What Happens if You Can't Pay an Overdrawn Bank Account?

Your bank may close your account if you can't pay it.
Image Credit: Pichsakul Promrungsee/iStock/GettyImages

An overdrawn bank account has consequences, and it doesn't take much before you're caught in a downward spiral of fees. Overdraft protection will take care of the oversight – if you have it – but this account protection often comes at a cost. However, if you do not have overdraft protection, your account will be in the negative, and you'll probably be charged an overdraft fee. The good news is that your account won't be closed immediately if it is overdrawn, but if you can't pay it back soon, it's best to call your bank straight away.

Tip

If you can't pay back an overdrawn bank account, your bank may charge fees or close the account. You'll still need to pay the debt, and the problem can prevent you from opening another account.

Your Account Could Be Closed

While your banking institution may understand that you got into a little trouble, don't expect it to let your account stay in the negative forever. In fact, you need to bring your account out of the red as soon as possible, or your account will be closed. The amount of time that this takes varies depending on the bank, so it's best to either check your bank's account policy agreements or contact the bank directly to stop your account from being closed.

If you have had the account for a long time, you may get some bonus time for loyalty, but don't count on this. Your bank can close your account for being overdrawn at any time as stipulated in your account holder agreement. However, your bank will be more willing to work with you as long as you remain in communication.

You Still Owe the Bank

After your account has been overdrawn long enough for the bank to close it, you still need to pay this money back – this debt doesn't magically disappear once the account is closed. And, if you had any automatic payments scheduled to come out of the account, you will need to contact those merchants to arrange a different way for you to remit those payments, or you could find yourself deeper in the hole.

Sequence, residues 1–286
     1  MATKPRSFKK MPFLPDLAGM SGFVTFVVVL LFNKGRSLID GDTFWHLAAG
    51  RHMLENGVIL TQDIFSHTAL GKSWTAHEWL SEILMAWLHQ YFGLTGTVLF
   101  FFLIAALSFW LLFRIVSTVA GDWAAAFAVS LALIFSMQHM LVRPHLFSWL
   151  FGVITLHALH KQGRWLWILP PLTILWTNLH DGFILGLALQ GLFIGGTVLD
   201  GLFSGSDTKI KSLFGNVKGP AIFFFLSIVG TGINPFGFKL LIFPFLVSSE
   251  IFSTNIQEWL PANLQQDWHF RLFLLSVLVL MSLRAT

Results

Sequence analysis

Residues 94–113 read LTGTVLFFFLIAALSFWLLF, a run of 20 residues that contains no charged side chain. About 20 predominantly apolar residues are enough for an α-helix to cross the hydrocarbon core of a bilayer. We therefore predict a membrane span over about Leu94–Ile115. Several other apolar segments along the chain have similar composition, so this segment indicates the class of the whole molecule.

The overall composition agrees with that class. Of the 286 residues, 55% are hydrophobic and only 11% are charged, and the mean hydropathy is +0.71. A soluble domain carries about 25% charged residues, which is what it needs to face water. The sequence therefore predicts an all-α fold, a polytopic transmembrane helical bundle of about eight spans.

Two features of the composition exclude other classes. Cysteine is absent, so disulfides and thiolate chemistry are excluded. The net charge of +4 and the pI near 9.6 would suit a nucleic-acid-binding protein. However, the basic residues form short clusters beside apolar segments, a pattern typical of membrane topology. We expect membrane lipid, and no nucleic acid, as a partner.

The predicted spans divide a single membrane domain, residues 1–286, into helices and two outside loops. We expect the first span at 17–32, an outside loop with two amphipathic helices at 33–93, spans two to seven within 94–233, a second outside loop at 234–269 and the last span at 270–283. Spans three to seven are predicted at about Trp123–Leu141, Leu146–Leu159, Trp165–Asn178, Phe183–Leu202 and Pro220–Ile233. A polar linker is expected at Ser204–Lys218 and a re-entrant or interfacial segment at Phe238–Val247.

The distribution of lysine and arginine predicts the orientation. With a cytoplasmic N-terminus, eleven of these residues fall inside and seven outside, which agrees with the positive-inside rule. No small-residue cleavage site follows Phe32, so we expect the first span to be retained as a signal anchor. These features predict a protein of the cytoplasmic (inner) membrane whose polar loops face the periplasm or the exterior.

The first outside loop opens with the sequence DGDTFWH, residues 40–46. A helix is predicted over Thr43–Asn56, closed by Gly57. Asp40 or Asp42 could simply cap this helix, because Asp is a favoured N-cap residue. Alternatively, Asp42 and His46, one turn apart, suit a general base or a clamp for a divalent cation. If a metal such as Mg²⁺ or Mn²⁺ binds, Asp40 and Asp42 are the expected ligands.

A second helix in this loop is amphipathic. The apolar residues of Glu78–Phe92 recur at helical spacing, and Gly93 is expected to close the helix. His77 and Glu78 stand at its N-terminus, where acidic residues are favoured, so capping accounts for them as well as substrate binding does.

Difficulty Opening Another Account

When your account is closed by your bank, not only do you have to worry about squaring up with your bank, you also have to worry about ending up with a negative ChexSystems report. ChexSystems reports on a consumer's banking habits including overdraft history, bank fraud and unsettled accounts. If you do not take care of your overdraft, even if the account is closed, your bank will likely report this to ChexSystems, and this could make it more difficult for you to open another account at a different bank.

Similar to a negative entry on your credit report, negative ChexSystems reporting lets financial institutions assess your risk. If you have a history of leaving accounts overdrawn, banks will be less likely to let you open an account with them.

Get Help With ChexSystems

It is worth noting, though, that you can dispute a negative entry on your ChexSystems report. However, banks are not obligated to remove the negative mark on your ChexSystems report, even if you pay the amount owed. The Fair Credit Reporting Act entitles consumers to one free ChexSystems report per year; check your report, look for any errors and dispute them.

Federal regulations allow a negative mark on your ChexSystems report to remain for seven years; however, the agency generally does not keep records beyond five.

references